Black ribbon: Harrington's parents express emotions
“Our sorrow is etched in our faces; our pain has been carved in our hearts." So said the mother of Morgan Dana Harrington, a day after her 20-year-old daughter's body was found in a cowfield south of Charlottesville.
"I can tell you, having seen them," continued Gil Harrington, "that girl even had some lovely bones."
The attractiveness of the blonde, blue-eyed victim and the sudden, heart-breaking mystery following her unexplained departure from a long-anticipated concert combined to make the case a top national news story.
At the emotional January 27 press conference for approximately 30 journalists, the family–- including the victim's silently grieving brother, Alex–- tied a black ribbon to a pole on the Copeley Road bridge, the last place where the Virginia Tech education major was positively spotted after leaving the October 17 Metallica concert at nearby John Paul Jones Arena.
Clad only in a t-shirt, tights, skirt, and knee-high boots on a misty 42-degree night–- she was, police believe, trying to hitch a ride on the bridge.
On that same bridge Wednesday, her father expressed interest in erecting there a permanent monument as a safety reminder, and he said he will lobby for federal funding to find missing adults, for which there currently is none. He also reiterated his long-held belief that the attacker was a local.
Meanwhile, nine miles south of the Arena, police were conducting a "shoulder to shoulder" search of the field in which her body was found, according to Dave Bass, the owner of Anchorage Farm and the man who found Harrington's remains.
In response to a question from a reporter, Bass said that in 30 years of owning the property, he's never had a problem with trespassers and explained that the front gate along busy Route 29 is rarely closed.
"The gates are to keep the cows in–- not to keep people out," says Bass. "This is not Glenmore."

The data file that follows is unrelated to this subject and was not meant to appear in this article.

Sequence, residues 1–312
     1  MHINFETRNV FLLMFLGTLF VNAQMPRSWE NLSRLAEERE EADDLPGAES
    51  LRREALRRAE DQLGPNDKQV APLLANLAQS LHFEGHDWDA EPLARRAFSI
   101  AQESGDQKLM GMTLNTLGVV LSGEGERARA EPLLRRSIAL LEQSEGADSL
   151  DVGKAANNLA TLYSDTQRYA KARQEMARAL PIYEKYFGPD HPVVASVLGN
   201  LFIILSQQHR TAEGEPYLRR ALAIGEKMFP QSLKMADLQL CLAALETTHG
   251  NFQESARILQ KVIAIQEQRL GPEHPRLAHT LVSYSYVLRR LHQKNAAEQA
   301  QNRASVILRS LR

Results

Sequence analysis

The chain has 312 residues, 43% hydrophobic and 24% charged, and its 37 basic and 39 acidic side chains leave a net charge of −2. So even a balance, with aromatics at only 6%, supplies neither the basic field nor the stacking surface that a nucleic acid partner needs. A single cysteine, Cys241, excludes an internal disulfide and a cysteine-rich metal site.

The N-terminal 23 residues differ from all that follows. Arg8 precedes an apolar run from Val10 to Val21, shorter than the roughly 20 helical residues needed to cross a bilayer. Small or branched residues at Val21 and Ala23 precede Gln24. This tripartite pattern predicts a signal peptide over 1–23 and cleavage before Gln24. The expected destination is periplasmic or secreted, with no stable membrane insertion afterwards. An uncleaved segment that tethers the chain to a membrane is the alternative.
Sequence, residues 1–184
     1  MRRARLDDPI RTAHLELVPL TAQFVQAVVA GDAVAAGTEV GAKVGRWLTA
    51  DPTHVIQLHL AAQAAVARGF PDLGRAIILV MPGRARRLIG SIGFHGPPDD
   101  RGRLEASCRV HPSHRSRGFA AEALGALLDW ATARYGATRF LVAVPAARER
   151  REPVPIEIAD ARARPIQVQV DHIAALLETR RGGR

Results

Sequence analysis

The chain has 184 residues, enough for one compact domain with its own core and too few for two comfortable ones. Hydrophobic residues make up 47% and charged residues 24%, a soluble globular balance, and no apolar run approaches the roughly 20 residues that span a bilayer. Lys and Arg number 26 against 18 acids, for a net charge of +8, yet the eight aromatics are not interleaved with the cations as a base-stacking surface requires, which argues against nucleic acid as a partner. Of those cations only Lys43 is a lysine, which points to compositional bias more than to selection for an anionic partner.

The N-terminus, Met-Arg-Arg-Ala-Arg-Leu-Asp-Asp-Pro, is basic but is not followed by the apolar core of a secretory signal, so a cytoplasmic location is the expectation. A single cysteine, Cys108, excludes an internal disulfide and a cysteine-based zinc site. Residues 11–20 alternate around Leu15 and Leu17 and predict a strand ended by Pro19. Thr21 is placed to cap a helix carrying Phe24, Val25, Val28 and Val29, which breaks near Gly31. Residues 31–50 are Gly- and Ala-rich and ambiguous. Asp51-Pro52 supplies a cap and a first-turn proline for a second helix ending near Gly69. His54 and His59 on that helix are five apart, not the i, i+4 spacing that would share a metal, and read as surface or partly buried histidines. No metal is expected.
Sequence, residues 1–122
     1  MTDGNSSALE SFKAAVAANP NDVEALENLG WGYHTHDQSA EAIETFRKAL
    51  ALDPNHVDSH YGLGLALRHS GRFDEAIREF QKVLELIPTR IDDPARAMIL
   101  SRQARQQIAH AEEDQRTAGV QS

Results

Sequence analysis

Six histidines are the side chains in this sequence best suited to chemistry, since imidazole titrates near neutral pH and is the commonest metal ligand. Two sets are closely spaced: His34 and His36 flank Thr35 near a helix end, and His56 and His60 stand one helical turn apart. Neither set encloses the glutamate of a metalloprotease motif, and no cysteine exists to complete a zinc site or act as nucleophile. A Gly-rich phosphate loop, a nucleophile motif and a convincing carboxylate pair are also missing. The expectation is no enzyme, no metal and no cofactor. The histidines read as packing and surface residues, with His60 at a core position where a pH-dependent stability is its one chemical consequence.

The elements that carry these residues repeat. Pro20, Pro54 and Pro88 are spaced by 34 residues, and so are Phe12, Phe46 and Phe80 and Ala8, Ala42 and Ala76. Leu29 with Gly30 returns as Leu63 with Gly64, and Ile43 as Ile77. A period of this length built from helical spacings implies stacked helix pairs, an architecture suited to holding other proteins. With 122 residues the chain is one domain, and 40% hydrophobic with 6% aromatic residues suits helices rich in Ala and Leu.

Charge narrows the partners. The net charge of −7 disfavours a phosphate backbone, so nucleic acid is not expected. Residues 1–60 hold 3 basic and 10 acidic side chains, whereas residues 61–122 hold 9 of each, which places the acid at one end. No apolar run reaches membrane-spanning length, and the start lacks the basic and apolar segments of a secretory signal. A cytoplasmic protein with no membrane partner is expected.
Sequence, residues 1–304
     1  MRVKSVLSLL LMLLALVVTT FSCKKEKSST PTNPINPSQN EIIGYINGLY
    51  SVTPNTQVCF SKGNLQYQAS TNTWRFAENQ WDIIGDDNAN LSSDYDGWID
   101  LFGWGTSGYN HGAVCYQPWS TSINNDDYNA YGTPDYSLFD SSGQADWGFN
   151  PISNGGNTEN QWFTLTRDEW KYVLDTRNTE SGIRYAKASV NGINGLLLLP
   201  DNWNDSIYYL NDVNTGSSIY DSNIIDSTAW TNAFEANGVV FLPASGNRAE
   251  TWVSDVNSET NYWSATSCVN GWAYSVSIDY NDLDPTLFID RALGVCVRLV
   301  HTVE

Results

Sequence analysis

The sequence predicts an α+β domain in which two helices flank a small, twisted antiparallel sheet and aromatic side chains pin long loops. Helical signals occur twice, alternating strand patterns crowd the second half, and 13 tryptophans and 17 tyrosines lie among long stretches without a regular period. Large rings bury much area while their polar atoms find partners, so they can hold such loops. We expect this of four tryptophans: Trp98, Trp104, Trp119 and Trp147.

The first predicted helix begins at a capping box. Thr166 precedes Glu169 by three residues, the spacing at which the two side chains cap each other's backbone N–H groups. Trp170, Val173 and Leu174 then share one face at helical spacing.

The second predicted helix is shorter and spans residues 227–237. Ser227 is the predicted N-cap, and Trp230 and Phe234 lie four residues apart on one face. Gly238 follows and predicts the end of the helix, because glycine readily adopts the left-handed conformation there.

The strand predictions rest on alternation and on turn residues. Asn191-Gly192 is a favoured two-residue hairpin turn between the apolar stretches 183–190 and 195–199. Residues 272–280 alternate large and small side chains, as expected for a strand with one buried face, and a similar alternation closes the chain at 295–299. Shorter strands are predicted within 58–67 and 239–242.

He says there are two houses on his 742-acre farm, a newer one toward the back of the property in which he and his artist wife dwell, and the landmark historic farmhouse which was long rented to UVA graduate students but now occupied by a member of his family.
Except for the main driveway which runs past the houses, Bass noted that his property is surrounded by barbed wire, and the field in which he found the remains of the 120-pound woman would be accessible only by foot or four-wheel-drive vehicles.
A night earlier, police indicated at their own press conference that they have long treated the case as a homicide and remain eager for tips from the public. Morgan's body, her parents said Wednesday, will not be released by law enforcement until next week, so no funeral has yet been planned.
As traumatic as learning that she had died was, said mother Gil Harrington, the trauma of not knowing was worse.
"It's better to know than to be filling in the blanks on your own," said the mother. "For the first time in 101 days, I'm not thinking, 'What is he doing to my daughter? What is she having to endure?"
Afterwards, Gil Harrington paused to personally greet many of the journalists and to straighten up some of the makeshift memorials clustered along the bridge.
"Morgan was well loved every day of her life," said her mother, "except the last one."
Authorities urge anyone with information to call Virginia State Police at 434-352-3467 or UVA Police at 434-924-7166 or by email at firstname.lastname@example.org.